Bloom where you’re planted?
The Amish Workshops website has an interesting feature called Ask Viola. Viola is a young Amish woman who answers reader questions on many topics. Below you’ll find Viola’s answer to a question from a seeker.
Joining the Amish has been covered here multiple times before. On this topic especially, the words of an Amish person or former seeker are going to be the most powerful. Viola’s last line in particular caught my attention:
I am curious to know how to go about becoming Amish. Some have told me that I would not do well in an Amish community because I have grown up in the modern world. Honestly I believe this world is not a place I want to continue the rest of my life in and when I consider how the Amish are living and doing things; I feel I should have had a choice in the matter. I did not willingly choose the life I was given. What are your thoughts on all this?
If you sincerely wish to become Amish, because you think God is pointing you in that direction, I would suggest talking to an Amish bishop or minister to find out what is expected of you as a church member. Then spend a few years living in the community as the Amish do. Learn the language and the customs for at least three to four years. After this time you will have a fuller understanding of the choice you will be making.
If you still wish to be Amish, you can join the church to become a member. It is an extremely sad hardship for the Amish community when people join in haste and later leave. Once you commit to being a member (committing to serve Christ with all your heart, soul, mind and strength), you are bound to that promise for life. You promise God and the church to be an upstanding member, doing all you can for the good of the church with the help of God.
P.S. – None of us choose where we are born, or to whom. God puts us where he wants us and He makes no mistakes. Perhaps that is why the Apostle Paul wrote: “…for I have learned, in whatsoever state I am, therewith to be content.” (Phillipians 4:11) Of course that doesn’t mean we should go on living a sinful life, but to bloom where we are planted.
As it happens, yesterday I corresponded with someone who would like to join the Swartzentruber Amish. I referred him to this response.
I admit I’m partial to Viola’s answer because I’ve always liked the idea behind “bloom where you are planted”. To me it means being the best you can be in the circumstances you are in. It speaks against being restless and always searching for greener grass.
However, can it also be a rationalization for complacency in a poor situation? When is transplanting in fact a better option?
In the context of religion, we have seen multiple stories of people who have successfully become Amish. But this is a question for any area of life, applying not just to faith matters but also to things like relationships or employment.
What do you think? How do you interpret “bloom where you’re planted”? Have you ever decided to bloom where you’re planted, or done the opposite instead?
Blooming flower: James P. Mann/flickr
what kind of lamp oil do Amish use
I understand that Amish do not use electricity, and I was wondering how they have light in their homes? I think a lamp or candles but not sure what kind. Is it paraffin wax, or a oil.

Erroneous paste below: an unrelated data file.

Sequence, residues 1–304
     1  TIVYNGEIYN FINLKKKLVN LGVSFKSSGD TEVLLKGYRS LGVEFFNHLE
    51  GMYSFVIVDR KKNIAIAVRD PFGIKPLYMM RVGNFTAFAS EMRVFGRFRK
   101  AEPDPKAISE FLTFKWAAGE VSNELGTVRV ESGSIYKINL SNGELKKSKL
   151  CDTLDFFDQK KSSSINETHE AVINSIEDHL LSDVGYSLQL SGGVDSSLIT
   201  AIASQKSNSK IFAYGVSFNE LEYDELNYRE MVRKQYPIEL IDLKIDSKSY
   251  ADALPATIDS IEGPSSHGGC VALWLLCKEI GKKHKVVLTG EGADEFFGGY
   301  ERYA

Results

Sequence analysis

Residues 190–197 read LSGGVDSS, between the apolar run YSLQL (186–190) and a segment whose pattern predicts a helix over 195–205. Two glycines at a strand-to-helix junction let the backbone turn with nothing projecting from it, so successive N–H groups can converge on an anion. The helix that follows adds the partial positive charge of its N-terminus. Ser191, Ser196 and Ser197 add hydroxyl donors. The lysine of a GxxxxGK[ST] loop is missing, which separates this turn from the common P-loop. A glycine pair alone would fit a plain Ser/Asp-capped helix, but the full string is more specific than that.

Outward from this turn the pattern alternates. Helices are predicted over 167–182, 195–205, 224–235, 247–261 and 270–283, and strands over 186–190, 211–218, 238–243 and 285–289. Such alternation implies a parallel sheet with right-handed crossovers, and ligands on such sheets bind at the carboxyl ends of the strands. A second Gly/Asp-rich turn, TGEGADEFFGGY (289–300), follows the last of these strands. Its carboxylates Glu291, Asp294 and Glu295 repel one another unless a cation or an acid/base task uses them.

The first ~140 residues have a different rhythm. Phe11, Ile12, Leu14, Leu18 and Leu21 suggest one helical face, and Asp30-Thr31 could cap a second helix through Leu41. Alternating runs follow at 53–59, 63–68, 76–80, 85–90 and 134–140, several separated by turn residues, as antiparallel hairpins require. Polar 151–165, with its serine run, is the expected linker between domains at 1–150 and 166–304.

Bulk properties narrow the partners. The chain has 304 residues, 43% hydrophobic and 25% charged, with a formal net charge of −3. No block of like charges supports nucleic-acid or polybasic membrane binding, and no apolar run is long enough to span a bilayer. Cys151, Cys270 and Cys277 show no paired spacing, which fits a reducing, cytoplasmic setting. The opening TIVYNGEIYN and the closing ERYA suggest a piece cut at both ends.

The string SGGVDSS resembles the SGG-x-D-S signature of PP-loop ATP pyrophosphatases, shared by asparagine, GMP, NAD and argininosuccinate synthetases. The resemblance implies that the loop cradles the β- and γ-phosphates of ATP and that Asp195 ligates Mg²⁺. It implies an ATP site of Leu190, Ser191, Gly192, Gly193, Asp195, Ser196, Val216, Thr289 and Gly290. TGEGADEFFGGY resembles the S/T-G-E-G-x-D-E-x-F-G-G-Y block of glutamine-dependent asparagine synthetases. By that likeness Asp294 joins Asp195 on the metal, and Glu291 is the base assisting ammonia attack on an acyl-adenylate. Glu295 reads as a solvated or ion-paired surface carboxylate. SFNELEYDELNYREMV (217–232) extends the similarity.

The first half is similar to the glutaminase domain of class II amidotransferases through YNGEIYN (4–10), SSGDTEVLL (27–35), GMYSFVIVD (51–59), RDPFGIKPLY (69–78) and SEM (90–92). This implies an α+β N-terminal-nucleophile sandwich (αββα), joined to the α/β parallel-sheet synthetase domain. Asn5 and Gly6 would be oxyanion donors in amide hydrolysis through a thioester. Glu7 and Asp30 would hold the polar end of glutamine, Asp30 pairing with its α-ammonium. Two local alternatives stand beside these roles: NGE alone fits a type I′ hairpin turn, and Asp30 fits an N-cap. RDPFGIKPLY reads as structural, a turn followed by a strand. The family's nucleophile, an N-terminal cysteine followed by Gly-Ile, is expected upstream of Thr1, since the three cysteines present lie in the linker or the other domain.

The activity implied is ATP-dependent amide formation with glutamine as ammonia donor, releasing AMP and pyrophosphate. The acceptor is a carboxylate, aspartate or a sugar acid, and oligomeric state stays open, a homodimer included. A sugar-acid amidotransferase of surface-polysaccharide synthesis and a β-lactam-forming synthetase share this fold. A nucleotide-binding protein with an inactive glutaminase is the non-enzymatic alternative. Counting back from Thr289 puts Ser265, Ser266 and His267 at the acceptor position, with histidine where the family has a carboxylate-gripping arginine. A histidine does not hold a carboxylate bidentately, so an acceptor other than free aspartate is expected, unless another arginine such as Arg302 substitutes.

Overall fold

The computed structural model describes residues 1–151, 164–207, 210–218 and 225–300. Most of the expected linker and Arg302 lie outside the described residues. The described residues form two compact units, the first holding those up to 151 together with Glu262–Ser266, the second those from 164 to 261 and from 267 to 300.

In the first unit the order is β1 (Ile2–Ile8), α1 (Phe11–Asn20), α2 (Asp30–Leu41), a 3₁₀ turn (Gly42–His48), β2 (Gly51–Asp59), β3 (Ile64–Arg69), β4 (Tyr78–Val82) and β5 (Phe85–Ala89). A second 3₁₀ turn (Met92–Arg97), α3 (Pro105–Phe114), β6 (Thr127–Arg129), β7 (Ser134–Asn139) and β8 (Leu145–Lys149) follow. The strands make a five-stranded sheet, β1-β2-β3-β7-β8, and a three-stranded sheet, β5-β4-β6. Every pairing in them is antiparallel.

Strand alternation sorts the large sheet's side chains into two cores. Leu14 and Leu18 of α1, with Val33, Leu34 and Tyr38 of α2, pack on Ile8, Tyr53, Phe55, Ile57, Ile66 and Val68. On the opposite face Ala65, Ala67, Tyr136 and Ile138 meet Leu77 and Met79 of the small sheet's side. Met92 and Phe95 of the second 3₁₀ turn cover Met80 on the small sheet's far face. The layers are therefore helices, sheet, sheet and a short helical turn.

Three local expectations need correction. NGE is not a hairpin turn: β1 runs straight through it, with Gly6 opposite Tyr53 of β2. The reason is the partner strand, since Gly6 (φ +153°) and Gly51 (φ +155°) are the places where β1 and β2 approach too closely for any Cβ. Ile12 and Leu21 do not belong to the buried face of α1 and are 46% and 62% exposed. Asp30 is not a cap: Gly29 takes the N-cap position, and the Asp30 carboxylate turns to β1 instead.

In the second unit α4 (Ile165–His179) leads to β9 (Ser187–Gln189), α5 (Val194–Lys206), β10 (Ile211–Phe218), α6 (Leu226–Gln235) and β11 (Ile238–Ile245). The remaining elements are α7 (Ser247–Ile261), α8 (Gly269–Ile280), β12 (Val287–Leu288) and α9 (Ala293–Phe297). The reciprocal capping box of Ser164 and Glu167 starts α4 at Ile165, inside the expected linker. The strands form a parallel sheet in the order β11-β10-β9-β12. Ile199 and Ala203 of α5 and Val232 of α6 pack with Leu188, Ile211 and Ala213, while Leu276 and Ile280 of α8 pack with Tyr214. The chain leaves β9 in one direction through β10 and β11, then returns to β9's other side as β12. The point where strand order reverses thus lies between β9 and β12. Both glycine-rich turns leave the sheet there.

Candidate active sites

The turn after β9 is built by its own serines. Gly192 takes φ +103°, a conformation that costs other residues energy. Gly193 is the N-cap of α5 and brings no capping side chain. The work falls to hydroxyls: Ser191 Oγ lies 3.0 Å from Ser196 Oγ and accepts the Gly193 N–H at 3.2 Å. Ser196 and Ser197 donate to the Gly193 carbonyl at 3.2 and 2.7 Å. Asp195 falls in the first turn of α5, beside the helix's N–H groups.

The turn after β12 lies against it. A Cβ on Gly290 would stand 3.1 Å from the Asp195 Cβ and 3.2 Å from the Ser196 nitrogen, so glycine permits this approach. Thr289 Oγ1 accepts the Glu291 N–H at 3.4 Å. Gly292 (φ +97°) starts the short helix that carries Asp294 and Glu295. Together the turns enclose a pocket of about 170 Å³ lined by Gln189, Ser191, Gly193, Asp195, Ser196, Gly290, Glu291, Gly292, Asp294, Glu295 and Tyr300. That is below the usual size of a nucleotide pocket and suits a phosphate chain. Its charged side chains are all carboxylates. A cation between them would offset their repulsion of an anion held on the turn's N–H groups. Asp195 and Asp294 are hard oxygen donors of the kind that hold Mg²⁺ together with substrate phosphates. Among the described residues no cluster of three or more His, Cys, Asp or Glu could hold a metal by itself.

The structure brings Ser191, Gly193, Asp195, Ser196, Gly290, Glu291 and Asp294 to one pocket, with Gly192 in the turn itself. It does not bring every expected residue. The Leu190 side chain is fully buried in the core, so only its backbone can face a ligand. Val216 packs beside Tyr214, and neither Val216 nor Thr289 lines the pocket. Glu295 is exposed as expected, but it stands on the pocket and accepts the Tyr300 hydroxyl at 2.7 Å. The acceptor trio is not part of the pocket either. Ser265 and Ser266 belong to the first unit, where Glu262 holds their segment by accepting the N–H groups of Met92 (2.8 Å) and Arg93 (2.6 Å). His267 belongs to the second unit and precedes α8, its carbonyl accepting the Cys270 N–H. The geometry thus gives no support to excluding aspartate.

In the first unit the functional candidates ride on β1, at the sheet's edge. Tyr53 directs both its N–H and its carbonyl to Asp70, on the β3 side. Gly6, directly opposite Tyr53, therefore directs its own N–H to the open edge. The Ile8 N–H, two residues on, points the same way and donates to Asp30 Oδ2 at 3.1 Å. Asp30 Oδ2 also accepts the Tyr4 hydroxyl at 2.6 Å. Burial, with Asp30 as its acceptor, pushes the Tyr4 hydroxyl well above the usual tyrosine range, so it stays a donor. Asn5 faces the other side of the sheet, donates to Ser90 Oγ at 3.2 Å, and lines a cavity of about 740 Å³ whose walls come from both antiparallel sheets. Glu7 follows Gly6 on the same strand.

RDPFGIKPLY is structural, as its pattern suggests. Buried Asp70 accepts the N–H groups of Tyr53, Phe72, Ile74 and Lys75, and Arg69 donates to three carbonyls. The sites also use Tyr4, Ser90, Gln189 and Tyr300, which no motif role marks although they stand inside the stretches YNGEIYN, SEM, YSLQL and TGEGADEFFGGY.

I am very interested in learning much about the Amish and love to hear from you.
At least in Arthur, Illinois the Amish use piped in (copper gas lines are run throughout the house inside the walls and gas light fixtures are placed at various intervals throughout the home) LP lights. Sam Schrock who owns MidState lamp makes a gas lamps and recently purchased the Humphery Gas light that’s used in off grid cabin settings. In the Elkhart-lagrange Indiana church districts (3rd largest Amish settlement) either use piped in lights or a pressurized naphtha powered lamp that they hang on a ceiling hook in their homes. In the more conservative community in Adams County Indiana (5th largest Amish settlement) they use only the older wick style oil lamps, and I usually see aluminum foil place on the wall behind the light as a reflector.
Well, Bruce, this is rather off topic for this post, but I’ll give a go at your question. The Amish as a whole are not monolithic but actually rather diverse, so there is more than one answer. The most progressive Amish have electric lights, some from the power company, but mostly from generator, wind turbine or solar power. Moving lower, Amish use mantle lamps, like Coleman gas camping lanterns, but adapted to house and shop use. Some are permanent, others are portable, even with pretty wood cabinets for the gas tank. Lower yet, there is the Aladdin lamp, a kerosene burning mantle lamp. Those things are expensive but everyone should have one for when the power goes out as they are very bright and cheap to operate. Finally, there are the wick oil lanterns and lamps. Amish almost always use kerosene instead of oil and almost all Amish houses have some of these somewhere. The most conservative Amish only have wick lighting and often a lot of it just make the house bright enough to read, etc. All of these methods of mantle and wick lighting can make a house unbearably hot in the summer, so the use is very limited then.